A DUNKERG U I D E TOFree Church;NoncreedalWe may see truth in new waysJohn 14:12-17; Acts 2:42-47Galen GrahamA“free church” is to follow Jesus and to keep his commandments daily, rather than to draft creeds and dogmas that may freeze truth in time. Disciples who have confidence in Jesus’ promise to send the Spirit of truth (John 14:16-17) are not preoccupied with fixed creeds and rigid codes of conduct. Led by the Holy Spirit they discover new truths for their lives in this changing world, and they see old truths in new ways.To appreciate this “free church” concept we need to go back to AD 312.In that year Constantine defeated his rivals in a civil war to become emperor of the Roman Empire. Tradition has it that at the pivotal battle that ended the war, Constantine saw a Christian cross in the sky, and with it this inscription:“by this sign, conquer.” The next year he issued an edict of tolerance forChristians that ended their persecution. This happened less than 300 years after the death of the young Jewish rabbi named Jesus, whose teachings would shake the very foundations of the world. His followers established a truly free church totally outside the Roman state. They lived together, worshiped together, prayed together, worked together, and ate together (Acts 2:42-47). They were persecuted for this, sometimes harshly, and operated perforce as an

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Peter Becker

Various Brethren Press PDF

dunkerguide-history-complete35/27/104:55 PMPage 22Mack and Beissel far outshone him as preachers, writers, and influential figures. But Becker was recognized for his sincerity, common sense, care for others, and patience. These qualities made Becker the perfect person to lead the Brethren through the turbulent first decades in America. founding of the church in America, Peter Becker is little more than a name to mostBrethren today. He deserves better.Becker was born in the village of Dudelsheim, northeast of Frankfurt,Germany, in 1687. Baptized into the Reformed church, he grew up to become a prosperous farmer with extensive landholdings. Yet he also grew dissatisfied with the established church. He became interested in the enthusiasm and deep spirituality of the radical Pietist movement. He was especially attracted to the preaching and teaching of the radical Pietist leader Hochmann von Hochenau. Hochmann’s influence prepared Becker to hear and respond to the message of Brethren minister Johannes Naas, who visited the Dudelsheim area in 1714. Peter Becker and his wife, Anna Dorothea, were baptized by Naas on the 15th of May, 1714.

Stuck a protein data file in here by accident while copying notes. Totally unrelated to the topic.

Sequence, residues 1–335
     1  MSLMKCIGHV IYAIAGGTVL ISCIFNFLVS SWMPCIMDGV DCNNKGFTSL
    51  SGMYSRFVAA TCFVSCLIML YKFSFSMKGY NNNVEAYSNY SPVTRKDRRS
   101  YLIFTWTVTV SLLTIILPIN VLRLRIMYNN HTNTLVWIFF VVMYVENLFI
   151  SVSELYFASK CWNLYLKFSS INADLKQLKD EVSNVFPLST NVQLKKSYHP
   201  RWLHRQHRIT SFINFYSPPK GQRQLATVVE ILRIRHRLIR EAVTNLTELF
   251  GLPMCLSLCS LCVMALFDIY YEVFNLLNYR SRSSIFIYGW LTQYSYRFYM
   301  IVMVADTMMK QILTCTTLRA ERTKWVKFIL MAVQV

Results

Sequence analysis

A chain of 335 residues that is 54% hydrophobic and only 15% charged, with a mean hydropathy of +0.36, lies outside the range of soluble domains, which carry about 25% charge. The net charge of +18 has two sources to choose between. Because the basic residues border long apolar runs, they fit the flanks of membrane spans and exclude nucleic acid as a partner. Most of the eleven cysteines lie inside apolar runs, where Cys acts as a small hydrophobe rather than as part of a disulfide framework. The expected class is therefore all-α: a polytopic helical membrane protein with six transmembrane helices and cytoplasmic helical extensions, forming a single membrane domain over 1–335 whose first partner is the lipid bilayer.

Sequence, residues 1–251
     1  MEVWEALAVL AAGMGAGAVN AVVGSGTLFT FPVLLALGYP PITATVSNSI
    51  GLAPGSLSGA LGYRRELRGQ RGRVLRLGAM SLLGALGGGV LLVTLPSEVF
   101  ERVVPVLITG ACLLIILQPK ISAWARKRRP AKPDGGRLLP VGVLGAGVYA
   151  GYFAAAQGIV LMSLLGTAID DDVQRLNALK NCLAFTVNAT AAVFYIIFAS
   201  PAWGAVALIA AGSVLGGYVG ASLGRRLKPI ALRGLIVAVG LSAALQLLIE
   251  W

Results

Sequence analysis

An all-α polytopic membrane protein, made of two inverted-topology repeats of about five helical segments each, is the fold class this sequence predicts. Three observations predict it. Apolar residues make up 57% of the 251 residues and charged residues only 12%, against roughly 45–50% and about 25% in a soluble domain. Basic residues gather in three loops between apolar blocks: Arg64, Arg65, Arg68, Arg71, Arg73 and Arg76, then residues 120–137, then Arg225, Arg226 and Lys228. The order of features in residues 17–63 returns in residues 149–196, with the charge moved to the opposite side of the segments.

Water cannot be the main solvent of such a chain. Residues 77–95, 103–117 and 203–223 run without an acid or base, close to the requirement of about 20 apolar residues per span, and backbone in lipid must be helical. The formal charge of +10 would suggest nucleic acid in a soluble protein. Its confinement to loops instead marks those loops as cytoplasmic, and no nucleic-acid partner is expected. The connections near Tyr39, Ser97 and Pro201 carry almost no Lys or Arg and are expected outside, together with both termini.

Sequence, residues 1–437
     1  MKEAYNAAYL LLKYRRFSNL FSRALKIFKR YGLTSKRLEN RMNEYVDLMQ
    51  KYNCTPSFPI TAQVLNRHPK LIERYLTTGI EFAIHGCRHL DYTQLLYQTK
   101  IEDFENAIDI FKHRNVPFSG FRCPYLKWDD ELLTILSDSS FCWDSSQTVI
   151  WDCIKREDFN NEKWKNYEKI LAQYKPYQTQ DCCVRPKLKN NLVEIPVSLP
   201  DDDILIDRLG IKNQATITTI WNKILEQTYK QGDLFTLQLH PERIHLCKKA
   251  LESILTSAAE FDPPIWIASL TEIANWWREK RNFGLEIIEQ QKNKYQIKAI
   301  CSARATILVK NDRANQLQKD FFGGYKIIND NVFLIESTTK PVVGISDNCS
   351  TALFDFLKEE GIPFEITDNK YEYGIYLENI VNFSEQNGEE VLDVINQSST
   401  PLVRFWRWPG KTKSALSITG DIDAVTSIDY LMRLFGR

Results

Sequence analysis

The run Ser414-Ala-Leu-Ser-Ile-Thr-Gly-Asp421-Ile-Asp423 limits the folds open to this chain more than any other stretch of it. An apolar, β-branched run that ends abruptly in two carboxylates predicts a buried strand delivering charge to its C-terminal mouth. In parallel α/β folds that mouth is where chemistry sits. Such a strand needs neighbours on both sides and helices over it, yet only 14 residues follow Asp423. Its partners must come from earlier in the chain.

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The Keepers of History

Various Brethren Press PDF

dunkerguide-history-complete35/27/104:55 PMPage 10300 YEARSThe keepers of history by Kenneth M. Shaffer Jr. and Logan CondonArchives provide significant service of preservationWhat becomes of a congregation’s membership records and council meeting minutes when the congregation is disorganized? Are the records destroyed? Does the last pastor to serve the congregation keep the records? Are they stored at the district office?According to the Church of the Brethren polity manual, congregational records become the property of the district, and the district decides where to deposit the records. Typically districts place congregational records at one of theBrethren archives. These records generally include newsletters, bulletins, directories, yearly budgets, annual reports, etc., as well as minutes and membership records. Some congregations transfer their inactive records directly to the district-approved archives on a periodic basis. And districts sometimes place their inactive records at the archives they have selected.